Skip to main content

Full text of "ERISA oversight report of the Pension Task Force of the Subcommittee on Labor Standards"

See other formats


^4-.<~ J 6\ ' - cm ' /^° 



4-2 



7 I . cm-M 



94th Congress 
2d Session 



COMMITTEE PRINT 



ERISA OVERSIGHT REPORT 

OP THE 

PENSION TASK FORCE 

OP THE 

SUBCOMMITTEE ON LABOR STANDARDS 



COMMITTEE ON EDUCATION AND LABOR 
HOUSE OP REPRESENTATIVES 



>/>' 



///'"-«>> 



K$3WSK 






c is 







JUN 



IS77 






JANUARY 3, 1977 






Printed for the use of the Committee on Education and Labor 
CARL D. PERKINS, Chairman 



83-865 



U.S. GOVERNMENT PRINTING OFFICE 
WASHINGTON : 1977 



COMMITTEE OX EDUCATION AXD LABOR 

CARL D. PERKINS, Kentucky, Chairman 



FRANK THOMPSON, JR., N- w 
JOHN H. DENT, Pennsylvania 
DOMINICK V. DANIELS, New Jersey 
JOHN BRADEMAS, Indiana 
JAMES O. O'HARA, Michigan 
AUGUSTUS F. HAWKINS, California 
WILLIAM D. FORD, Michigan 
PATSY T. MINK, Hawaii (on leave) 
LLOYD MEEDS, Washington 
PHILLIP BURTON, California 
JOSEPH M. GAYDOS, Pennsylvania 
WILLIAM (BILL) CLAY, Missouri 
SHIRLEY CHISHOLM, New York 
MARIO BIAGGI, New York 
IKE ANDREWS, North Carolina 
WILLIAM LEHMAN, Florida 
JAIME BENITEZ, Puerto Rico 
MICHAEL BLOUIN, Iowa 
ROBERT J. CORNELL, Wisconsin 
PAUL SIMON, Illinois 
EDWARD BEARD, Rhode Island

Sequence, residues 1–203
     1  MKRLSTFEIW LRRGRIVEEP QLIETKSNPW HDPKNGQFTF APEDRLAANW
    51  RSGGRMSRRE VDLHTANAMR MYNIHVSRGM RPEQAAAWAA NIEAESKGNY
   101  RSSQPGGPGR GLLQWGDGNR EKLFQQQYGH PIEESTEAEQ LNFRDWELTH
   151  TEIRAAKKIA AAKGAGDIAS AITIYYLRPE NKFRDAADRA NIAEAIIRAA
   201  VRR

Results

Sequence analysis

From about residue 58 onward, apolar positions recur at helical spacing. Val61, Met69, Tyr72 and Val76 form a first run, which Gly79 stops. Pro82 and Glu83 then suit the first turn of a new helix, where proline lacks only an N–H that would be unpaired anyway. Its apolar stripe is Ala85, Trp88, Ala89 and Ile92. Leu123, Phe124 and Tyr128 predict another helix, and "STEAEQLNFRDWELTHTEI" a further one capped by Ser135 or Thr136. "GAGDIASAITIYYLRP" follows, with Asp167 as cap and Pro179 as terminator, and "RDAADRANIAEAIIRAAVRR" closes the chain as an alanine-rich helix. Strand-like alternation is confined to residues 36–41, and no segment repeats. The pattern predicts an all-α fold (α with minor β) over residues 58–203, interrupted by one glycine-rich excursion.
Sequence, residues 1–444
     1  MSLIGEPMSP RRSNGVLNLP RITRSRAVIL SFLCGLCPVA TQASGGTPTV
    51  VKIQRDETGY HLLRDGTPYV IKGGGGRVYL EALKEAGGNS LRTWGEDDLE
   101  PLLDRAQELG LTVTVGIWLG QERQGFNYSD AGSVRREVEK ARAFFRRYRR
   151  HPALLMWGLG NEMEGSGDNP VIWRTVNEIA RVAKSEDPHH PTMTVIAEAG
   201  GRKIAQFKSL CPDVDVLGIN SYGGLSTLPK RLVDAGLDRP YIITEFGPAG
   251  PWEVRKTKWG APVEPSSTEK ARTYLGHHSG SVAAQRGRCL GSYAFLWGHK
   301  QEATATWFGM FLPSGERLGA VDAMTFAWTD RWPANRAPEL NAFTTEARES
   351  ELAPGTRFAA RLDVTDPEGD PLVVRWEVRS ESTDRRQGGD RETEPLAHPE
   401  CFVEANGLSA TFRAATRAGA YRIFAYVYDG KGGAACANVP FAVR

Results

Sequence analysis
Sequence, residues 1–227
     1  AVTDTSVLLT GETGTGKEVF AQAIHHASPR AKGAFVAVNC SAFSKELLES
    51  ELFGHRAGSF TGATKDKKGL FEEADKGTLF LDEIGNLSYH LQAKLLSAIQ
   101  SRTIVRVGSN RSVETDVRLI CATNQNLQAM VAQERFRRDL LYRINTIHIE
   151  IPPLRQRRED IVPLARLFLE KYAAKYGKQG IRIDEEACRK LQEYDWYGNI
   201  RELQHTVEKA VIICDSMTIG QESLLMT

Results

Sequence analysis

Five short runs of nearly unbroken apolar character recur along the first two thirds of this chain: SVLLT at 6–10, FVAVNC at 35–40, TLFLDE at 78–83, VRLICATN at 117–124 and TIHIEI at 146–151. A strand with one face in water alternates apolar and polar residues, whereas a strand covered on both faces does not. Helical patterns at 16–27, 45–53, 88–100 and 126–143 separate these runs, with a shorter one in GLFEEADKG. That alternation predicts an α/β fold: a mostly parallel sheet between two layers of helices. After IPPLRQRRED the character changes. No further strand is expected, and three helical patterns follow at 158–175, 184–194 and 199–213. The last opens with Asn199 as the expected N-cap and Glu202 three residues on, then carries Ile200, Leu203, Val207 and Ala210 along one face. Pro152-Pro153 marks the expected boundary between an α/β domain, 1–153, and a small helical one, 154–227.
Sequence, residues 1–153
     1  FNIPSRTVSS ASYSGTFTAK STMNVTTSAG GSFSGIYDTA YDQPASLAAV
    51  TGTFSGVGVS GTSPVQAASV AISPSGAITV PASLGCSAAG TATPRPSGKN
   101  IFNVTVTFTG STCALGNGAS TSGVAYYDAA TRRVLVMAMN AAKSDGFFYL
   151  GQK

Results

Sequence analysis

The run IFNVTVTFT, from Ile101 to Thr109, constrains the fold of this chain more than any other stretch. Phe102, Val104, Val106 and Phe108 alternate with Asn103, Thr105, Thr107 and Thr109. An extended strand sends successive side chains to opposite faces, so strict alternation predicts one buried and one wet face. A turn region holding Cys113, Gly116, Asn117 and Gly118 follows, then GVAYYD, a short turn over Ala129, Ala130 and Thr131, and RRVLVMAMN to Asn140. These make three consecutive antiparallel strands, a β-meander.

LEO ZEFERETTI, New York 
GEORGE MILLER, California 
RONALD MOTTL. Ohio 
TIM HALL, Illinois 



ALBERT II. QTJTE, Minnesota 
JOHN M. ASIIBROOK, Ohio 
ALPHONZO BELL, California 
JOHN N. ERLENBORN, Illinois 
MARVIN L. ESCII, Michigan 
EDWIN D. ESHLEMAN, Pennsylvania 
PETER PEYSER, New York 
RONALD A. SARASIN, Connecticut 
JOHN BUCHANAN, Alabama 
JAMES M. JEFFORDS, Vermont 
LARRY PRESSLER, South Dakota 
WILLIAM F. GOODLING, Pennsylvania 
VIRGINIA SMITH, Nebraska 



Subcommittee ox La rob Standards 



JOHN H. DENT, Pennsylvania, Chairman 



DOMINICK V. DANIELS, New Jersey 
PHILLIP BURTON, California 
JOSEPH M. GAYDOS. Pennsylvania 
WILLIAM (BILL) CLAY, Missouri 
MARIO BIAGGI, New York 
JAIME BENITEZ, Puerto Rico 
LEO ZEFERETTI, New York 
GEORGE MILLER, California 
ROBERT J. CORNELL. Wisconsin 
PAUL SLMON, Illinois 
CARL D. PERKINS, Kentucky, 
Ex officio 



JOHN N.TERLENBORN, Illinois 
RONALD A. SARASIN, Connecticut 
JOHN M. ASHBROOK, Ohio 
ALPHONZO BELL, California 
WILLIAM F. GOODLING, Pennsylvania 
ALBERT H. QUIE, Minnesota 
Ex officio 



(II) 



INTRODUCTION 

The material that follows is an excerpt from the activity report of 
the Committee on Education and Labor for the 94th Congress. Except 
for minor technical changes, the material is the same as it appeared 
in the report of the full committee. 

(ni) 



Digitized by the Internet Archive 
in 2013 



http://archive.org/details/erisatreOOunit 



Pursuant to the directives of Rule X of the Rules of the House of 
Representatives and sections 3021 and 3022 of the Employee Retire- 
ment Income Security Act of 1974 (Public Law 93-406, hereinafter 
"ERISA"), the subcommittee held eight days of oversight hearings